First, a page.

Message from the Director
I am particularly excited about this issue of the newsletter because we have contributions from so many different members. My article on Leonard Rose was a labor of love, Rose being one of my idols as a child. Robert Battey, one of the profound sages of Cello Chat, further expands on his thoughts on the Bach Suites. Aaron Minsky gives the religious/spiritual background of his new cello composition; I wish we would receive more articles of this kind from composers. ICS member John Koenig provides a stunning piece on his own history; you won't believe the twists and turns of his tale, and the historic figures he encounters along the way. Nicholas Anderson heroically pulls together at the last minute a quick article on the cello scene in Costa Rica and Chile, which is in response to John Michel's request for pieces on the happenings in Central and South America. How about the Middle East next? Anyone? And finally, Chrys Wu writes a brief account of a recital that was sponsored by the Los Angeles Violoncello Society. The more contributors we have, the better the newsletter will be, so I encourage everybody to consult his or her muse and come up with something that the ICS membership would enjoy reading.
>> I have another person to add to your list of important California cellists. Young Natalie Haas, Juilliard junior, member of Mark O'Connor's new Appalachia Waltz Trio, winner of "best groove" in ASTA/NSOA's 2003 Alternative Strings Competition, coming out with a duo CD and touring the US, Scotland, France and Spain with Scottish fiddle master, Alasdair Fraser, who coincidentally lives in the California Gold Country. Those are only a few of the innovative players Natalie tours and records with these days. Check Darol Anger's (Turtle Island String Quartet, David Grisman Quintet, Montreux) new CD "Republic of Strings" out on Compass Records February 24, 2004 featuring Natalie and another amazing Calilfornia cellist from Carmel, Rushad Eggleston (recent Berklee grad and 2003 Grammy nominee of The Fiddlers 4 and Darol Anger's American Fiddle Ensemble).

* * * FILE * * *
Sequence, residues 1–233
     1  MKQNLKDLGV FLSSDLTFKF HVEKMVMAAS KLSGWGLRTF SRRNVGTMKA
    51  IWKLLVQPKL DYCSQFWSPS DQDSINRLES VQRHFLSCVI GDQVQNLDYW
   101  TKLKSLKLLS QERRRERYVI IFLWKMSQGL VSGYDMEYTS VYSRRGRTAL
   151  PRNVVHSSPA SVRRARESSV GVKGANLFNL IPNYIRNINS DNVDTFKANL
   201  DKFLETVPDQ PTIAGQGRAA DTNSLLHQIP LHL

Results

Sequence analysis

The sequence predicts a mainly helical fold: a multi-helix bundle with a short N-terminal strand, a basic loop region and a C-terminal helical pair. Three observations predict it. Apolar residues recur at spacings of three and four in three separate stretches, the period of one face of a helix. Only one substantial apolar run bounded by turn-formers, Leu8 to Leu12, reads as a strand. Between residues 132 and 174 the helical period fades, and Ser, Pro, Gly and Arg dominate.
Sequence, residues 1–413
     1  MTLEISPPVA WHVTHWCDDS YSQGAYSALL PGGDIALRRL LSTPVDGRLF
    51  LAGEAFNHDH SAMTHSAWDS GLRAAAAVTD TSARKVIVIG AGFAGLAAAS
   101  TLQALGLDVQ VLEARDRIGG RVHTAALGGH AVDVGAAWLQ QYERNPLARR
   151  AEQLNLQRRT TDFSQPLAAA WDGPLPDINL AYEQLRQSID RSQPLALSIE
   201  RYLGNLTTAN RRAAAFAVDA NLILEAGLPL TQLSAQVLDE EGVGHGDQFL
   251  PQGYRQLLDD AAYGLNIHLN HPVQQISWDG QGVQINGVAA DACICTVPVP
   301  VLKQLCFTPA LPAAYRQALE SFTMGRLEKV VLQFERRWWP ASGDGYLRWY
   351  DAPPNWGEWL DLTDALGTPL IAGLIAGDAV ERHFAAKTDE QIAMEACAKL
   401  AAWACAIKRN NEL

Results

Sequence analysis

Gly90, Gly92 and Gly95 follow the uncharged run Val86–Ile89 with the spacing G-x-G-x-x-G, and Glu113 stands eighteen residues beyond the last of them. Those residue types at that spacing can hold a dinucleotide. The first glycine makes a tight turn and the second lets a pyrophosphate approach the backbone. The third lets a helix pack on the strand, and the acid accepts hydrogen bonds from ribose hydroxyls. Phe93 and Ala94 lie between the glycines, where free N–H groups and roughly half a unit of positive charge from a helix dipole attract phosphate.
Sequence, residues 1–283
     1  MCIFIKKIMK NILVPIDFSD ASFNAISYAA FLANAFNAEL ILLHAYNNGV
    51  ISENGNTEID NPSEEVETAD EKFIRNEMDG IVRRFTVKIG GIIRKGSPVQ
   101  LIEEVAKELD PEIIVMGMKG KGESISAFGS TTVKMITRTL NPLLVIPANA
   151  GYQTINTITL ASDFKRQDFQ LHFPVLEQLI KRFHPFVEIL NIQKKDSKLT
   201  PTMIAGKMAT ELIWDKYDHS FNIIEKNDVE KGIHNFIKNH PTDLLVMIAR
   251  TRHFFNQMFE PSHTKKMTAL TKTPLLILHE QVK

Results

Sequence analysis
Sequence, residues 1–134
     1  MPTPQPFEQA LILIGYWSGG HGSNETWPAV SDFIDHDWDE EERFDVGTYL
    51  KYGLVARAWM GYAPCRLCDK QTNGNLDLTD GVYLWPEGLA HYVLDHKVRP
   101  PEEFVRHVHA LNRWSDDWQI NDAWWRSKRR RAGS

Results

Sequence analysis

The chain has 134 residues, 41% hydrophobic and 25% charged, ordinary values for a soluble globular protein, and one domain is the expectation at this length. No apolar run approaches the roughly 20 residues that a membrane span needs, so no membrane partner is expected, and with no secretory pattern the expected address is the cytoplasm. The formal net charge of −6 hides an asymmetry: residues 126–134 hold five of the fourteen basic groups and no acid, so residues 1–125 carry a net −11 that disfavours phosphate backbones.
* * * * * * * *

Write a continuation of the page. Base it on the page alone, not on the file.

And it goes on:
>> I was fascinated to read the names of 'favorite cellists' that your readers sent for listing in your column. I hope the present generation will some day be re-aquainted with the name EMANUEL FEUERMANN.
>> Thank you for your extensive article on Robert LaMarchina. I am his sister, Rosita. I have fond memories of Bobby as an adult who wanted to play fun games. He bought me my first tricycle, it was green. He took me on my first trip to Disneyland when I was 7. He let my brother Arthur and I sit on his lap as he drove on I-5 (in Los Angeles). He also bought us a small roller-coaster. One of my favorite memories of Bobby is when he would come over and play monster with us kids. The last time I saw Bobby was at my dad's funeral, November 1974.
Rosita LaMarchina Hinrichs
>> Robert LaMarchina and I met in 1948 at the L.A. Phil and were friends for a short time. I was a recent transplant to California from a tiny town in Iowa and he befriended me and treated me as a little sister. Of course, he was unforgettable and a musical genius. Even in my naivete and innocence, I discerned that. I was deeply grieved by his death. Your biography on the internet was wonderful and brought me up-to-date.
>> I'm 31 years old and have always wanted to play the cello. I was a ballerina for 15 years and I think that I have a "good ear" for classical music. I'm a physician now and have been devoting my life to medicine since I gave up ballet. I think it's time to accomplish something that I've always dreamed about.
>> I am a member of the Internet Cello Society. This last Saturday I took my last cello exam to get my degree in cello performance. I am very glad to have the Internet Cello Society because when I need any information I can get it on your site.